Wondering what had happened (24:12). Luke's description of the puzzlement and despair (cf. 24:21) that crushed Jesus' disciples makes utterly clear the foolishness of the rumor started by the Jewish leaders, that the disciples had stolen the corpse. The death of Jesus meant an end to all their hopes. They were in no mad state of mind to honor their dead leader by pretending He had been raised.
Foolish (24:25). The word Jesus used of the two on the Emmaus road is anoetos. In five of its six N.T. occurrences it is used of believers. Unlike the "fool" of the O.T., whose problem is moral, this word describes an individual who sees things from a distorted perspective. He or she has not adopted the divine viewpoint.
Jesus then proceeded to display the divine viewpoint on His own death by going back to the O.T. Scriptures, to demonstrate that the Messiah "had to" suffer such things and only then enter His glory.
It's not enough to have correct information. We must be able to interpret it correctly. The N.T. writers' use of the O.T. is rooted in the post-resurrection instruction Jesus gave concerning the real meaning of O.T. texts (cf. 24:44).
It is true (24:34). Belief in a literal, physical resurrection of Jesus is supported by three lines of evidence. There is the evidence of fulfilled prophecy. There is the evidence of eyewitness testimony. And there is the evidence of millions of lives transformed by faith in Him over the span of some two millennia.
Like Him (Lk 24:36ff). 1 John 3:2 tells us that when Jesus returns we will be "like Him."This Lucan passage tells us much about the resurrection body. It is real, made of flesh and bones (v. 39). It resembles the ordinary body, as Jesus' form still bore the scars of the cross (v. 39). It is capable of eating (v. 41). It is not limited by space: Jesus suddenly appeared among them in what another Gospel says was a closed and locked room (v. 36). We do not know the wonders that await us. But there are wonders indeed.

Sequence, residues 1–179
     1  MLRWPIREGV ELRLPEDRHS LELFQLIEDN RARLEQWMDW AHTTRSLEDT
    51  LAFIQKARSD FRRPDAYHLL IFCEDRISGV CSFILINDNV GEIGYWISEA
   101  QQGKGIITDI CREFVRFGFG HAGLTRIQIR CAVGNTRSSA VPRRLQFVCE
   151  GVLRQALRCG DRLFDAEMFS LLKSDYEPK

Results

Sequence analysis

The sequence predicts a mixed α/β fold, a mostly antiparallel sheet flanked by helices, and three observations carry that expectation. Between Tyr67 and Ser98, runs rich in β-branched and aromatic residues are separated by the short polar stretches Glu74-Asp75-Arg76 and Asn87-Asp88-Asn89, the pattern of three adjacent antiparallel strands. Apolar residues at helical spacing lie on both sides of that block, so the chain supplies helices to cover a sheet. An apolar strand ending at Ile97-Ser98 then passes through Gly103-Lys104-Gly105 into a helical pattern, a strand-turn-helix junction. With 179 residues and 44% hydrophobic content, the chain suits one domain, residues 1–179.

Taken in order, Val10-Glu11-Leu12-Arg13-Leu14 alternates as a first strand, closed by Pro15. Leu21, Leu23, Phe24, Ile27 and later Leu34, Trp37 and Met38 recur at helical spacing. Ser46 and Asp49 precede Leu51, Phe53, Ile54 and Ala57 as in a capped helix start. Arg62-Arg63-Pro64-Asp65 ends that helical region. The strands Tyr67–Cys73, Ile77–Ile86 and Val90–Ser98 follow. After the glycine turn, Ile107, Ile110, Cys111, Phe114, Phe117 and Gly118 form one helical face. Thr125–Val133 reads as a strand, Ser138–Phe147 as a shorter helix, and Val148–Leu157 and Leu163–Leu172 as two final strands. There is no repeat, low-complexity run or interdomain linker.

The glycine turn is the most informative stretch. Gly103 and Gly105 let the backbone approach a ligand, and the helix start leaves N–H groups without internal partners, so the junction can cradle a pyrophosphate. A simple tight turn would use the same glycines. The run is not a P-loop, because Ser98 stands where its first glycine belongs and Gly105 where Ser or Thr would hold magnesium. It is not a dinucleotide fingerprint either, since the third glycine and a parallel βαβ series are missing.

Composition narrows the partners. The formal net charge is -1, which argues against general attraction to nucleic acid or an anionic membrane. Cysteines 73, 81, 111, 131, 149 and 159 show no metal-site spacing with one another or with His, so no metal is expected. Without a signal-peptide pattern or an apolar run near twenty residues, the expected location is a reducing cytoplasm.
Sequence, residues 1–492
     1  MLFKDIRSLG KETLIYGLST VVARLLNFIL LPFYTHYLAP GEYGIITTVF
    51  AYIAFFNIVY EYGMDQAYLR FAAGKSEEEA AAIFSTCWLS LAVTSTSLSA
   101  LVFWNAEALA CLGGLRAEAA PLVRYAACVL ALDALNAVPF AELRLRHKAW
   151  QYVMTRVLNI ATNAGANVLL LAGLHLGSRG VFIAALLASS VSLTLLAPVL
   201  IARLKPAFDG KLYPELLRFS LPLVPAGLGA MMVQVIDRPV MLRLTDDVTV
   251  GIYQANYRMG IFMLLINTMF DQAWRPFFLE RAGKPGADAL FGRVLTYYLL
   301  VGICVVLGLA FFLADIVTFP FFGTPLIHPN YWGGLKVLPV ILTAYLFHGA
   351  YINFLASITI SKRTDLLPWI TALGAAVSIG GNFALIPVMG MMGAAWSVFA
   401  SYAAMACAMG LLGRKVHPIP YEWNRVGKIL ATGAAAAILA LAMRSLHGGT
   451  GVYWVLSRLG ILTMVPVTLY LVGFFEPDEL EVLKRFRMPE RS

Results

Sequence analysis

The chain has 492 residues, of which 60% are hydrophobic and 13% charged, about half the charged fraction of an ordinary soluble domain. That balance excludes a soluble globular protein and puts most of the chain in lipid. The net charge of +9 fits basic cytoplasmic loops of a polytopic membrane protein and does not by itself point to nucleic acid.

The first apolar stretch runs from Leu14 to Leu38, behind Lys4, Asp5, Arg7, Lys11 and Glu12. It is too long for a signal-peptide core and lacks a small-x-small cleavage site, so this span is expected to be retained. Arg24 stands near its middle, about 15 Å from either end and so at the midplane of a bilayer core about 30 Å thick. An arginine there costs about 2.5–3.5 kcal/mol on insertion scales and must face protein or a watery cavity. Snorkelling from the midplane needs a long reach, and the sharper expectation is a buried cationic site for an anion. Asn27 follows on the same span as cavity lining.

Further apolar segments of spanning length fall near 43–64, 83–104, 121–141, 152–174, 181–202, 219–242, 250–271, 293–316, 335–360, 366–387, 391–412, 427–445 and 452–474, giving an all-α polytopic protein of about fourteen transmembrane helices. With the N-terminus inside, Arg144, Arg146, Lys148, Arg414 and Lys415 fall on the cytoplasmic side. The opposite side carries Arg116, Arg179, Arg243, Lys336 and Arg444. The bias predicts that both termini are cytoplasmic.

About the Author(s)
Lawrence O. Richards hold a B.A. in philosophy from the University of Michigan, a Th.M. in Christian education from Dallas Theological Seminary, and a Ph.D. in religious education and social psychology from Garrett Biblical Seminary and Northwestern University jointly.
Dr. Larry Richards has taught in the Wheaton College Graduate School, served as a church minister of Christian education, and taught courses at carious schools in the United States and overseas. He has developed Sunday school programs, conducted seminars and workshops, and Internet curriculum for Sunday school and home school.
He has written over 200 books, including Christian education texts, theological works, Bible dictionaries, handbooks, encyclopedias, and commentaries; he has also written a number of devotional and enrichment books, as well as several specialty and study bibles.
Installed size (unless otherwise indicated): Approximately 34.375 MB. iPhone, iPad, and iPod touch Requires iPhone, iPod touch, or iPad running iOS 5.0 or later. Download size: 34.375 MB. Android Requires Android OS 2.2 or later. Download size: 34.375 MB. Windows Phone Requires Windows Phone 7.5 or later. Download size: 34.375 MB. Windows Store Download size: 34.375 MB. Windows PC Requires Windows 2000, XP, Vista, Windows 7, or later. Download size: 9.125 MB. Mac OS X Download size: 34.375 MB. Windows Mobile Requires Pocket PC / Windows Mobile version 6.5 or earlier. Download size: 8.625 MB. Palm OS Requires Palm OS 5.0 or later. Download size: 8.125 MB.
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Copyright © 2010-2014 by Laridian, Inc. All Rights Reserved.
Laridian, PocketBible, and MyBible are registered trademarks of Laridian, Inc. DailyReader, Memorize!, PrayerPartner, eTract, BookBuilder, VerseLinker, iPocketBible, DocAnalyzer, Change the way you look at the Bible, and The Bible. Anywhere. are trademarks of Laridian, Inc. Other marks are the property of their respective owners.